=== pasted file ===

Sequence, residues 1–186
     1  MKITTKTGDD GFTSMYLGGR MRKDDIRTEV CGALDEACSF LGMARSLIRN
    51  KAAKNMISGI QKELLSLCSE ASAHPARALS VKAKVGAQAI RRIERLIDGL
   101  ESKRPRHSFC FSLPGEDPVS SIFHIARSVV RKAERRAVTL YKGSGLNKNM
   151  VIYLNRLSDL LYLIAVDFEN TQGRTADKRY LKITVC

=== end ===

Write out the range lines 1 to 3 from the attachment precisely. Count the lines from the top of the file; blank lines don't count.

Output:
Sequence, residues 1–186
     1  MKITTKTGDD GFTSMYLGGR MRKDDIRTEV CGALDEACSF LGMARSLIRN
    51  KAAKNMISGI QKELLSLCSE ASAHPARALS VKAKVGAQAI RRIERLIDGL